2 Method

The architecture of our network is summarized in Figure. 1. As shown, our network computes multiple feature streams after each image pooling operation. These feature streams (eg. R0, R1, R2, R3 in Fig. 1) carry features computed at a particular image resolution and provide contextual information at a higher image resolution when residually combined with deeper layer features. The feature streams are both residually input to every feature layer and are modified after passing through each layer through reverse connections (black arrows in Fig. 1). Therefore, features in the deeper layers combine the inputs from immediately preceding layer and the modified feature streams to compute new features. Such residual feature combination was done to improve stability of training a deep network [HeResidual2016]. Also, features from all available feature resolutions are used in each feature layer. This connection strategy is different from and improves over skip connections used in the more common Unet archictures, where only features at a particular image resolution from the encoder are directly concatenated with the corresponding decoder layer features. It is also different from residual connections used in ResNet architectures, where only the immediately preceding feature layer input is connected to a given feature layer.

Figure 1:

Multiple resolution residual network. Multiple residual feature streams R0, R1, R2, R3 are shown. Convolutional blocks are composed of a sequence of convolutions, batch normalization and ReLU activations.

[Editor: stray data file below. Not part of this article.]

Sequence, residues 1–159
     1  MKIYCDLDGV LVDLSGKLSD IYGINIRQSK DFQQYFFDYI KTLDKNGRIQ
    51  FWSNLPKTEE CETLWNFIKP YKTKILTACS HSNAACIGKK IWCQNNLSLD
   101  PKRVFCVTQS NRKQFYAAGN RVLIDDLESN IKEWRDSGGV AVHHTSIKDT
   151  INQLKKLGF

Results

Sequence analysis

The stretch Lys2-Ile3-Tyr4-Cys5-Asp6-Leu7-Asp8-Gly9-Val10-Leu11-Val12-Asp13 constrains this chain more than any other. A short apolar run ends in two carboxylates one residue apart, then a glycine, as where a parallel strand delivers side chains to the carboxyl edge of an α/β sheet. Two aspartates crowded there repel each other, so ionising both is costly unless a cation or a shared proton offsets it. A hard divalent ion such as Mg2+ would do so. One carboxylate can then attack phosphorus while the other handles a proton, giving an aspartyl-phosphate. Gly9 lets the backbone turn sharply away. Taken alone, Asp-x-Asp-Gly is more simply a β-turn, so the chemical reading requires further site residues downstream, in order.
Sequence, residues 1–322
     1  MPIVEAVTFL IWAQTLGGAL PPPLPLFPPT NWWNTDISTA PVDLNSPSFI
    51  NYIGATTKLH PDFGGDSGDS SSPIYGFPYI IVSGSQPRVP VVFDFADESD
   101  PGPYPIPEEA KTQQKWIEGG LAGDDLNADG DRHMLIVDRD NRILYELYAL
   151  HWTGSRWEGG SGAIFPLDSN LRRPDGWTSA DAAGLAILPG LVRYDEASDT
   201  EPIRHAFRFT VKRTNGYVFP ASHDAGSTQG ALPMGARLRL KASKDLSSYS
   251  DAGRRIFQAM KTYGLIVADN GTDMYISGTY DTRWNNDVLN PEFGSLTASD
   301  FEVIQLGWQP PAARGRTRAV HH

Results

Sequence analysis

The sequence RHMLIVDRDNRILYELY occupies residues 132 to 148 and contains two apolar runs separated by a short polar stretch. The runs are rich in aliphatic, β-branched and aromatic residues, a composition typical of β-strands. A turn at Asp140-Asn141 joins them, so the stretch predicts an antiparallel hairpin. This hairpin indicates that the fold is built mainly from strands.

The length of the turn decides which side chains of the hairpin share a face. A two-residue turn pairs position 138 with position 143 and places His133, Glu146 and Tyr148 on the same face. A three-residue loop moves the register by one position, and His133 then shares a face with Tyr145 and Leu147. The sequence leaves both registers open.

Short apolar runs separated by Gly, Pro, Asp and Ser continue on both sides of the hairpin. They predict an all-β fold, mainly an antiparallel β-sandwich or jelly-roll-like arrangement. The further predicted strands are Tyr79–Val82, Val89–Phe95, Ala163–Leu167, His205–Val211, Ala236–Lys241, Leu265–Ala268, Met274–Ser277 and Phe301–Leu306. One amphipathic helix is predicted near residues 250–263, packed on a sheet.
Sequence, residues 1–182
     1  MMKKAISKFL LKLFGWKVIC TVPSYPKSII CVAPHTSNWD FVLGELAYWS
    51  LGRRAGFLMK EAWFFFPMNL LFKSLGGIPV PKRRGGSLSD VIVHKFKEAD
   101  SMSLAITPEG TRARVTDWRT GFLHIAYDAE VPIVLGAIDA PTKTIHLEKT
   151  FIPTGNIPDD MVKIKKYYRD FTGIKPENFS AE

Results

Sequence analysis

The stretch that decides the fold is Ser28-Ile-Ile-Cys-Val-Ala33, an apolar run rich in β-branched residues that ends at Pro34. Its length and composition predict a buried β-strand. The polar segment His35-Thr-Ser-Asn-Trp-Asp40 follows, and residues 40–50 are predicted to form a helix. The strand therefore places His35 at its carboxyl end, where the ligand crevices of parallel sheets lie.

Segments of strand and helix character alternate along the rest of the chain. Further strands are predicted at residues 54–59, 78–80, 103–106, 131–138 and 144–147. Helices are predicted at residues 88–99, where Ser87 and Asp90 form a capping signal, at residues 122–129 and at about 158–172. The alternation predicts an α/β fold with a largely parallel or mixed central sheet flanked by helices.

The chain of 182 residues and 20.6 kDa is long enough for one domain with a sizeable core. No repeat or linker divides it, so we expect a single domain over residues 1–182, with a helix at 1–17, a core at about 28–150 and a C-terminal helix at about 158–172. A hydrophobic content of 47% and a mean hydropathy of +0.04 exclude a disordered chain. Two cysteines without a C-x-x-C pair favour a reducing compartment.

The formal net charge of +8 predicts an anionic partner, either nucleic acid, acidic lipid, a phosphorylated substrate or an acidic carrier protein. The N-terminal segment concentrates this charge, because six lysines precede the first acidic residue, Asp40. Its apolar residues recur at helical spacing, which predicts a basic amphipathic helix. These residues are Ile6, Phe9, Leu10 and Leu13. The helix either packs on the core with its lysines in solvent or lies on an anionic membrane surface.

Features processing is done in the residual connection units (RCU). RCU takes in a residual input from one of the preceding higher resolution feature streams (after appropriate down-sampling) and features computed from immediately preceding CNN layer or a RCU within a RCU block. These two features are channel-wise concatenated and processed through one or more CNN blocks (Fig. 1). The output of a RCU consists of a residual output that is passed back to the feature stream after 11 convolution of the regular output. Regular output or the feature map is passed to the next RCU or the next CNN layer. A RCU block consists of one or more RCU units. The convolutional or CNN block used in a RCU (Figure. 1) is composed of 33 convolutions, batch normalization (BN) and ReLU activation.
This approach helps to alleviate the issue of down-sampling and enlarges semantic context, which is important for segmenting small or long and narrow structures like the spinal cord or esophagus.
Implementation details:

The MRRN network was implemented using the Keras and Tensorflow library 

[chollet2015keras] and trained on Nvidia GTX 1080Ti with 12GB memory. The network was optimized using the ADAM algorithm [kingma2014adam]